J. M. Haley Corp. v. Sheet Metal Workers International Association, Local 28 et al
MEMORANDUM & ORDER granting in part and denying in part 18 Motion to Dismiss for Failure to State a Claim; granting in part and denying in part 24 Motion to Dismiss. For the foregoing reasons, Defendants' motions to dismiss (Docket Entri es 18, 24) are GRANTED IN PART and DENIED IN PART. Specifically, Plaintiff's tortious interference claim, claim for injunctive relief, and claims against the Individual Defendants are DISMISSED WITH PREJUDICE. However, Defendants' motions are otherwise DENIED. So Ordered by Judge Joanna Seybert on 3/7/2016. C/ECF (Valle, Christine)
UNITED STATES DISTRICT COURT
EASTERN DISTRICT OF NEW YORK
J.M. HALEY CORP.,
MEMORANDUM & ORDER
SHEET METAL WORKERS
LOCAL 28, KEVIN CONNOR
in his capacity as President
of Local 28, BOB DIORIO in his
capacity as President/
International Trustee of Local 28,
JAMES CUIFFO in his capacity
as Secretary/Treasurer of
Local 28, ROBERT SOTO in his
capacity as Secretary/
Treasurer of Local 28, and
JOHN DOES 1-10,
Ira D. Wincott, Esq.
Emanuel Kataev, Esq.
Joseph M. Labuda, Esq.
Milman Labuda Law Group, PLLC
3000 Marcus Avenue, Suite 3W8
Lake Success, NY 11042
Sheet Metal Workers
Association, Local 28,
Kevin Connor, James
Cuiffo, Robert Soto,
and John Does 1-10
Denis A. Engel, Esq.
Colleran, O’Hara & Mills LLP
100 Crossways Park Drive West, Suite 200
Woodbury, NY 11797
Amy F. Shulman, Esq.
Broach & Stulberg, LLP
One Penn Plaza, Suite 2016
New York, NY 10119
SEYBERT, District Judge:
This case concerns alleged unlawful labor practices
committed by a construction union.
Plaintiff J.M. Haley Corp.
(“Plaintiff”) commenced this action against Defendants Sheet Metal
Workers’ International Association, Local 28 (“Local 28”), Bob
Diorio, James Cuiffo, Robert Soto, and ten John Doe Defendants
(collectively, “Defendants”), seeking relief pursuant to Section
303 of the Labor Management Relations Act of 1947 (the “LMRA”), as
amended, 29 U.S.C. § 187,
based on Defendants’ violations of 29
Both Diorio and the remaining Defendants have filed
motions to dismiss the Complaint.
(Docket Entries 18, 24.)
the foregoing reasons, Defendants’ motions are GRANTED IN PART and
DENIED IN PART.
Plaintiff is a company in the business of installing
sheet-metal ductwork in the tri-state area, and Local 28 is a labor
organization that represents workers in the construction industry.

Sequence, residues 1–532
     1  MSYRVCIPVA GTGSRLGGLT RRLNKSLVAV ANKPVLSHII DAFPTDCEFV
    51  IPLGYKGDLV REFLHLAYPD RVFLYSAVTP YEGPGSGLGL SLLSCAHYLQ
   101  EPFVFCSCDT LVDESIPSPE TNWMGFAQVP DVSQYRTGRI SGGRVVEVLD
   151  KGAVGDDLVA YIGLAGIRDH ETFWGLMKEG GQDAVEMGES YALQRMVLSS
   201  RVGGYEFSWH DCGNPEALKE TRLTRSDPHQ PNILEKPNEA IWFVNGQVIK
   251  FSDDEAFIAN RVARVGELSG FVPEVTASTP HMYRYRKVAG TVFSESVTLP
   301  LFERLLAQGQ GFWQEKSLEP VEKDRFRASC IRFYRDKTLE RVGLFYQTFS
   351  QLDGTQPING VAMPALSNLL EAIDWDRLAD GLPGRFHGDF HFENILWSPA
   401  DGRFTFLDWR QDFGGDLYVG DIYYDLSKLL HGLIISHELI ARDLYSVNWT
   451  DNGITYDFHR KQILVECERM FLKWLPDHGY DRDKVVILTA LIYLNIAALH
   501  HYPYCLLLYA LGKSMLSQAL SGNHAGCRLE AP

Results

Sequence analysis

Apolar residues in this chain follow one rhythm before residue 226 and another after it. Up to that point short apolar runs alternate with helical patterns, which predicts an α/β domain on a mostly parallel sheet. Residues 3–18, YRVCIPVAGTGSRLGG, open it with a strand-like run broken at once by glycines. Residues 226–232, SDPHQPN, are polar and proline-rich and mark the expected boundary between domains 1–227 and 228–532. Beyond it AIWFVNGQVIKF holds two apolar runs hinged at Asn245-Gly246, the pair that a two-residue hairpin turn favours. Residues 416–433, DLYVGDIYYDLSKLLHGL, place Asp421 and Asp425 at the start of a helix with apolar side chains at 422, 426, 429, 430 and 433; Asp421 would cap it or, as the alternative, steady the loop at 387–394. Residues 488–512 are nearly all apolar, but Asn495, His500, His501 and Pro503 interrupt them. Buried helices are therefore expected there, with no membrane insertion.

(Compl. ¶¶ 12, 19.)
Connors, Diorio, Cuiffo, and Soto (the
“Individual Defendants”) are all officers of Local 28, and the
The following facts are drawn from Plaintiff’s Complaint and
are presumed to be true for the purposes of this Memorandum and
John Doe defendants are alleged to be unknown agents and members
of Local 28 who participated in the conduct at issue. (Compl.
Plaintiff’s employees are represented by Local 355 of
the International Union of Journeymen and Allied Trades (“Local
355”), and not by Local 28.
(Compl. ¶ 2.)
In 2008, Local 28 embarked on a campaign of “picketing
and boycott activity” in an effort to force construction companies
to stop doing business with Plaintiff.
(Compl. ¶ 2.)
contracted to perform was ultimately completed by Local 28 members.
(Compl. ¶ 2.)
More specifically, Plaintiff claims that Defendants
engaged in concerted action on six different construction jobs in
an effort to capture work for Local 28 members at Plaintiff’s
concerning each job are summarized below.
The Novotel Contract
On December 10, 2012, Plaintiff contracted with Fleet
Mechanical Systems (“Fleet”) to provide services in connection
with the construction of a Novotel hotel, located at 226 West 52nd
(“InterServ”) was the general contractor for the job.
Plaintiff alleges that agents of Local 28 repeatedly
called InterServ and told them not to use Plaintiff’s services
because Local 28 was claiming the Novotel work, and Plaintiff was
not a signatory to a collective bargaining agreement with Local
(Compl. ¶ 24.)
On February 12, 2013, Local 28 engaged in a
“general Picket in the lobby of the Novotel job demanding that
Novotel and [InterServ] stop using [Plaintiff] and reassign the
work to a Local 28 contractor.”
(Compl. ¶ 25.)
stopped people from entering and exiting the building, and Daniel
Fox, Jr., a business agent for Local 28, stated that Local 28 would
“pick off” Plaintiff and other contractors that did not use labor
belonging to the Building Trades Council, an organization that
Local 28 belongs to.
(Compl. ¶ 23-26.)